There was a time, maybe about three years ago where I was going through what was not far from an ‘existential crisis,’ my ‘existential crisis phase’ was perhaps more accurately, ‘a moral dilemma’ but it felt like total crap and I think it deserves that description.
The inner conflict I experienced spurned, like most things, from the desire to be happy. Fulfilment eluded me for some time, I knew my problem was based on the fact I didn’t have much money and my psychological need to buy new clothes. As a young woman, this just seems like a part of who I am, however, I was also on the road to discover who exactly that was too, which is where we establish a dilemma.
My entire wardrobe is comprised of second-hand clothes I had initially found in op shops. In my opinion they helped define me, it had become my past-time and wearing unique clothes became a form of self-expression. Suddenly, (it really was sudden) the recycled clothes I spent my days hunting for, were regurgitated into to the mass-market; ersatz counter-culture materialised in un-ethically produced, cheaply made nana 90s dresses for $100 in General Pants. As my world crumbled into the cookie-cutter look I so wanted to avoid (ii), a fog cleared before my eyes and I grew in disgust by the modern world. It’s celebrity wannabes, it’s un-ironic use of internet slang, it’s sweatshop made in China imitation jersey, it’s iPhone battery issues, it’s horrible 3D movies, it’s inclusion of a large metallic zipper on the back of everything! Don’t even get me started on music. (i) This culture, apparently of my generation, was sufficiently upsetting enough to cause me to reject my love of clothes, as it had been trampled into the earth by hoards of people that had once called you ‘weird’ or ‘hipster’ (actually worse) and are now most likely teasing their beard for fullness. I spitefully disengaged from consumerism to the extreme that I took to dressing like a dag, because I was ‘more than trendy clothes’. It was a rather dark period.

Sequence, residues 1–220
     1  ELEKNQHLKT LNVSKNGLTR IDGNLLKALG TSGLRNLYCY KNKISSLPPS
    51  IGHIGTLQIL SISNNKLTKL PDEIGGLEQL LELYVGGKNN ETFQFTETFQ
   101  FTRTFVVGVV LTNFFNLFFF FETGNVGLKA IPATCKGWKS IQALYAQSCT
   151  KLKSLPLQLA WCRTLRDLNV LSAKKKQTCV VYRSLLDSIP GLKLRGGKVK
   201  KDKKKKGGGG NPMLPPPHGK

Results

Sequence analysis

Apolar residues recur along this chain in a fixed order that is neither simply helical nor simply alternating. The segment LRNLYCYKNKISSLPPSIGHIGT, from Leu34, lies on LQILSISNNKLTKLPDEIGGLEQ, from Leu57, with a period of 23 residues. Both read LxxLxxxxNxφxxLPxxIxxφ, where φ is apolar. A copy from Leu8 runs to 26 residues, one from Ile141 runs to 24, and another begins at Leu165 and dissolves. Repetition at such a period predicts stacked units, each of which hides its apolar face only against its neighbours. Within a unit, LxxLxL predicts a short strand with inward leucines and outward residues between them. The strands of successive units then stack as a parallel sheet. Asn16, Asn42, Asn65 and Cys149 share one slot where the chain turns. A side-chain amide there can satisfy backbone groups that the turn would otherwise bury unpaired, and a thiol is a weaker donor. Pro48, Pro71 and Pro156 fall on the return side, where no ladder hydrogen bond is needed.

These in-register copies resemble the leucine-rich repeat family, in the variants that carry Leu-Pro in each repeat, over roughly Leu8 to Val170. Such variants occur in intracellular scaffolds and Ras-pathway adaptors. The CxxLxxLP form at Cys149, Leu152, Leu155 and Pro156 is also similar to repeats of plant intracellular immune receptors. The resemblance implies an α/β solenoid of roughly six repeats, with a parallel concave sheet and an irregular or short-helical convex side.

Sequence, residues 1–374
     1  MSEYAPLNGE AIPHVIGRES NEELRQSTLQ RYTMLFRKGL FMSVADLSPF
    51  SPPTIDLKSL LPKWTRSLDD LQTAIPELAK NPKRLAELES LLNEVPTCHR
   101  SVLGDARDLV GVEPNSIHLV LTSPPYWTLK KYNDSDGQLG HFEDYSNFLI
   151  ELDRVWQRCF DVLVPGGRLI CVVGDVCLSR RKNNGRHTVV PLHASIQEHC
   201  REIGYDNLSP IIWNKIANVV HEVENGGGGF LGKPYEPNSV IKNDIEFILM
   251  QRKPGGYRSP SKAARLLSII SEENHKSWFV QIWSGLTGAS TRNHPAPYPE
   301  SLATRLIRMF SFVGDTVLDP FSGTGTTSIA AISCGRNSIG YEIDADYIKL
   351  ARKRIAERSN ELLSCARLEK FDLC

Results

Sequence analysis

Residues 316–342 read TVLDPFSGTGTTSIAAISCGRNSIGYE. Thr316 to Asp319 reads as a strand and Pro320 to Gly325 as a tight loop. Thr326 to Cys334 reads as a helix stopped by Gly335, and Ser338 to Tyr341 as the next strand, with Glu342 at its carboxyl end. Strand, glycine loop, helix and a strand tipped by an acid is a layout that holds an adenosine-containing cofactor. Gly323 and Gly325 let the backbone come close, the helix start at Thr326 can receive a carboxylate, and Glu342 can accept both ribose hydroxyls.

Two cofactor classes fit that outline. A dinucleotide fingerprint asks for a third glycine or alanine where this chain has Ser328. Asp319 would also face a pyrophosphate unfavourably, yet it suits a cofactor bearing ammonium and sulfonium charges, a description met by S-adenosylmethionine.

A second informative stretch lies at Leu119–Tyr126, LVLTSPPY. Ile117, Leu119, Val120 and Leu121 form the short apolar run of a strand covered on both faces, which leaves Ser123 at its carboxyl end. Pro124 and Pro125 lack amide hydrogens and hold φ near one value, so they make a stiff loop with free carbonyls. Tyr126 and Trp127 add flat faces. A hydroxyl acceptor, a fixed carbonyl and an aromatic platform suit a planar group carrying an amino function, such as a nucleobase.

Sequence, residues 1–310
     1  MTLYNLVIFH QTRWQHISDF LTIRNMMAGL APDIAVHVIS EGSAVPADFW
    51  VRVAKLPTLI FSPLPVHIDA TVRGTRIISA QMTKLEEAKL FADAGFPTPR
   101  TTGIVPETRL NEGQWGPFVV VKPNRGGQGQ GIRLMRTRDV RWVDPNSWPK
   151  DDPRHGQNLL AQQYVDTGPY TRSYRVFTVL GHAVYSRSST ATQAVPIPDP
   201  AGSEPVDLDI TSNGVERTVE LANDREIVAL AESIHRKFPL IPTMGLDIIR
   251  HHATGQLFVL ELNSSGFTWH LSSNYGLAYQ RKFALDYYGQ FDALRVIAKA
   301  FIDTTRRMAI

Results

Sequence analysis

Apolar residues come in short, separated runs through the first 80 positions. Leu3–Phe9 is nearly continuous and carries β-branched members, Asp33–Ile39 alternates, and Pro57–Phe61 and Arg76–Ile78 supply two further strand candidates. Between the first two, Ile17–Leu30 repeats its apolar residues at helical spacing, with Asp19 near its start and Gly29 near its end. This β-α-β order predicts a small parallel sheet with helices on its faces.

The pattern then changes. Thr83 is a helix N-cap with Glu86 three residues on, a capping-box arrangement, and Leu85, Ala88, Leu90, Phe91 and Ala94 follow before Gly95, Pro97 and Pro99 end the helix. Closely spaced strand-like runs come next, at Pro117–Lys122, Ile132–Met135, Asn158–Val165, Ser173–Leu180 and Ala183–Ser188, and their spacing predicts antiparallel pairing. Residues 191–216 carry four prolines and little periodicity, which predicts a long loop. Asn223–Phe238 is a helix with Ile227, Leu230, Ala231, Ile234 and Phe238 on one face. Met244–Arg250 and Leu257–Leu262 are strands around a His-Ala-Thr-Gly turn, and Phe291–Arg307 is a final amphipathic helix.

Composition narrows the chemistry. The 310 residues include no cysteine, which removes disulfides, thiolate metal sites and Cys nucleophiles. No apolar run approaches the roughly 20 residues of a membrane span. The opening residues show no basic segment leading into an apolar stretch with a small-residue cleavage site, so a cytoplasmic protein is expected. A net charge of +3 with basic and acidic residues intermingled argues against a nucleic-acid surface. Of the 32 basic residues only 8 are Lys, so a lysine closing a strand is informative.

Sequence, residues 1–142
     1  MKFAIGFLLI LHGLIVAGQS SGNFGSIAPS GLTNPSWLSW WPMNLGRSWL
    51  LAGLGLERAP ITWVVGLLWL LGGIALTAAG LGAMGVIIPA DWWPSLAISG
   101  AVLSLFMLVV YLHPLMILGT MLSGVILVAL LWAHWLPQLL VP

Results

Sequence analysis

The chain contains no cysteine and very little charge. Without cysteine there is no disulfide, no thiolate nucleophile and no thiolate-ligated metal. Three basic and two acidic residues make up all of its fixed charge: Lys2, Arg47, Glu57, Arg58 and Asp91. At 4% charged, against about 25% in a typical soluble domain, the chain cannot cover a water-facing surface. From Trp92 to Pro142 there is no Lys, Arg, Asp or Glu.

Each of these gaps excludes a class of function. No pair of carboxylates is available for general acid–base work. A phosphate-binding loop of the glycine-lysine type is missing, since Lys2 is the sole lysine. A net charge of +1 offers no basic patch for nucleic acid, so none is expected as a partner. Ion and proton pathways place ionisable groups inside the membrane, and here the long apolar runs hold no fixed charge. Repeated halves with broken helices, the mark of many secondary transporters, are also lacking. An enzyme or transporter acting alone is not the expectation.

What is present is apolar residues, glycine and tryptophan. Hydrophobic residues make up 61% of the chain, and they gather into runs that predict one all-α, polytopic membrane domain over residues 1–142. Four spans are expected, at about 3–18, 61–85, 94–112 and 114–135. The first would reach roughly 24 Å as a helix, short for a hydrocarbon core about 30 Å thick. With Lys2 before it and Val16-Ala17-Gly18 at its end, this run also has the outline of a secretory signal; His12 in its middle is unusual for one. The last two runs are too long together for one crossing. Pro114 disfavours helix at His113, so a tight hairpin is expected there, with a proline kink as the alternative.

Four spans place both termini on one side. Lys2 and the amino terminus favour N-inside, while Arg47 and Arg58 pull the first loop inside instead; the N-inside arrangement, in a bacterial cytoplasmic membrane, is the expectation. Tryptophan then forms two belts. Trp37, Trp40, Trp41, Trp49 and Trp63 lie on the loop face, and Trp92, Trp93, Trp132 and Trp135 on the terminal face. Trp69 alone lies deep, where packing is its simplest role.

This unleashed a whole other set of issues, where I was faced with the scorn and judgement of others, my own feelings of not wanting to judge others and the societal pressure to conform. Above all, to love clothes means and other fashion lovers would know, that dressing is a thing to look forward to and I was depriving myself of one of life’s little pleasures.
Upon realising this, I was eventually able to wear my clothes again, save up and buy some made-to-last new ones and celebrate and relish in, the democratisation of fashion; the idea of ‘style over trends’ (i).
This entire sordid experience, I have since discovered, is called the ‘bubble up’ effect and is the inverse of the ‘trickle down’ system in the fashion industry; where inspiration for trends are taken from the lower echelon to develop new designs (ii). Apparently, this is developed on the idea of ‘cultural capital’ where something is seen as ‘cool’, by the nature of a certain sub-culture and transformed into something ‘trendy’ and ‘mainstream.’ It is cyclic, forever changing and is always moving onto the next thing. Which is lucky for me, I guess. Though there is certainly irony in the whole debacle, a fast-fashion trend, based on a sub-culture challenging it’s very fundamentals, is pretty funny.
General Pants, 2010, Faux 90s print dress <https://img1.etsystatic.com/032/0/5543772/il_340x270.624781535_h13c.jpg>
(i) Berry, J, 2014. Week 5: Contemporary Fashion, Street Style & Subcultures– an overview, accessed 24 August 2014, https://bblearn.griffith.edu.au/bbcswebdav/pid-1010412-dt-content-rid-2625166_1/courses/2432QCA_3145_SB/Course%20Content/Week%205%20Street%20Style%20%26%20Subcultures/fashion%205%20street%20style%20lecture.pdf
(ii) Welters, Linda & Lillethun, Abby 2007. The fashion reader. New York: Berg. Ch. 45. Polhemus, Ted. Trickle down, bubble up, pp.327-331